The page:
That's how the island was "discovered" by the Dutch in 1772, when Admiral Jacob Roggeween landed there on Easter Sunday and gave the island its non-native name. He was the first European to describe the unusual statues carved from the volcanic rock from Rano Raraku. Standing as tall as 18 ft (5.5 m)and weighing many tons, the statues are known as moai, and each are representations of the same figure, perhaps a god or mythical creature, or an ancestor figure. This beautiful Tour of the Ruins will give you an idea of what Roggeween and his crew saw. The moais stood in a row along the coast, (see map) a few looking out to sea as sentinels or guardians of the people of Rapa Nui, but most facing inland, as if as if overseeing the activity of the island. There were many additional statues of varying sizes and stages of completion on the slopes of the volcano.
The Admiral described cultivated land and woodlands as well as the moais you'll see in Easter Island in 3 Dimensions. He estimated the population at more than 10,000. When succeeding visits from English, Spanish and French expeditions visited the island in the late 18th century, they found a much smaller population, many moais toppled and very little land under cultivation. Whalers made the island a stop, and later slave traders captured 1000 natives and took them to work the Guano islands off the shore of Peru in 1862. Of the 100 who survived, 15 came back to Rapa Nui with smallpox. The census count of 1881 listed less than 200 people.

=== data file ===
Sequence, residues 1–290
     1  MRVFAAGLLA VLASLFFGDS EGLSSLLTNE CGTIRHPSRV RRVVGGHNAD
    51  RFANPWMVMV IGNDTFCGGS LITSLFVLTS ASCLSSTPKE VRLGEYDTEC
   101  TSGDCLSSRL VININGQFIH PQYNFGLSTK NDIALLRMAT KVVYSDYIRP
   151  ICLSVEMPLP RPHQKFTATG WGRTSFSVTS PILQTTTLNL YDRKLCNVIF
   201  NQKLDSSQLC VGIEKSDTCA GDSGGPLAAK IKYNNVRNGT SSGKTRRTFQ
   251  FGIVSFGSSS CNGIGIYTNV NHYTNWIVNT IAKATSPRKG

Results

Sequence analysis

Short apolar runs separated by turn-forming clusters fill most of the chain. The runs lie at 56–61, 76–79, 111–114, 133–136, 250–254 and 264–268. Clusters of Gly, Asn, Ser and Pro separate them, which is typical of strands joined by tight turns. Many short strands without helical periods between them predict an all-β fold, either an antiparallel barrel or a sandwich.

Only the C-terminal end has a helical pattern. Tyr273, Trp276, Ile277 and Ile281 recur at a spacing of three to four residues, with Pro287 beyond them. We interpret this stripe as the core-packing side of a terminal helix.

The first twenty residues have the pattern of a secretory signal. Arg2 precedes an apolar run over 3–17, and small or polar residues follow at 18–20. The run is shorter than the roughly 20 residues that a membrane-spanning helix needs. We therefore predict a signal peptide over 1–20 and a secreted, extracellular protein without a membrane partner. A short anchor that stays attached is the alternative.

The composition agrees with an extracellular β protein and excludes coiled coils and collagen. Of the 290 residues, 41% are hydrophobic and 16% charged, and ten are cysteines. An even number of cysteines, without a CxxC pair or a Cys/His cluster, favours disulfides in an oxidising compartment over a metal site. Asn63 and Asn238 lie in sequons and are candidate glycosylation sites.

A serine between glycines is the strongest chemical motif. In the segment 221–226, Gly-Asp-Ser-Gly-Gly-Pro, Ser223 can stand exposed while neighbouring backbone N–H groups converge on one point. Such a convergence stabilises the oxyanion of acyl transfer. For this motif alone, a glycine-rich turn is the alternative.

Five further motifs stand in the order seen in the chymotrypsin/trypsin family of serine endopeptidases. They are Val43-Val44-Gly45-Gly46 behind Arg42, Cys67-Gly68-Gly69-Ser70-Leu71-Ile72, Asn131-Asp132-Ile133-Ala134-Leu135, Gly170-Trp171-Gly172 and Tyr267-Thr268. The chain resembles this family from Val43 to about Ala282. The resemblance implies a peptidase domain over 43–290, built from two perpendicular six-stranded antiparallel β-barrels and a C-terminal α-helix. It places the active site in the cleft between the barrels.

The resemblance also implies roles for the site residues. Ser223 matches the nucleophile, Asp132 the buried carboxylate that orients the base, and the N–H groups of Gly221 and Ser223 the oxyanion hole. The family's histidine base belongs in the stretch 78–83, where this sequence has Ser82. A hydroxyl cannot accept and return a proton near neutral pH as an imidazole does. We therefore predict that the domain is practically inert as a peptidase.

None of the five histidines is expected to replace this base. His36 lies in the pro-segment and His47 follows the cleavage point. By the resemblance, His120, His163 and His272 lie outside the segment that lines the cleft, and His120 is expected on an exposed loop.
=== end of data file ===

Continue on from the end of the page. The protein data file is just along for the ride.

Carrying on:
Chile annexed the island in 1888 during a period of expansion following the War of the Pacific which took away Bolivia's access to the Pacific. Until the 1950's the Compañia Exploradora de la Isla de Pascua (CEDIP)) was the de facto governing body, as the arm of an Anglo-Chilean enterprise. The Chilean government revoked CEDIP's lease and the Chilean navy administered the island. With improvements to the basic quality of life, living on Rapa Nui became easier.
Today, with air travel, supplies and greater interest around the world, Easter Island's population is growing. They all live in the only town of Hanga Roa. Rapa Nui has been declared a World Heritage site by Unesco. There are regular flights from Santiago and tourists, scientists and the curiosity seekers come to examine the moais, learn about the island's past and ponder the lessons it has for the future.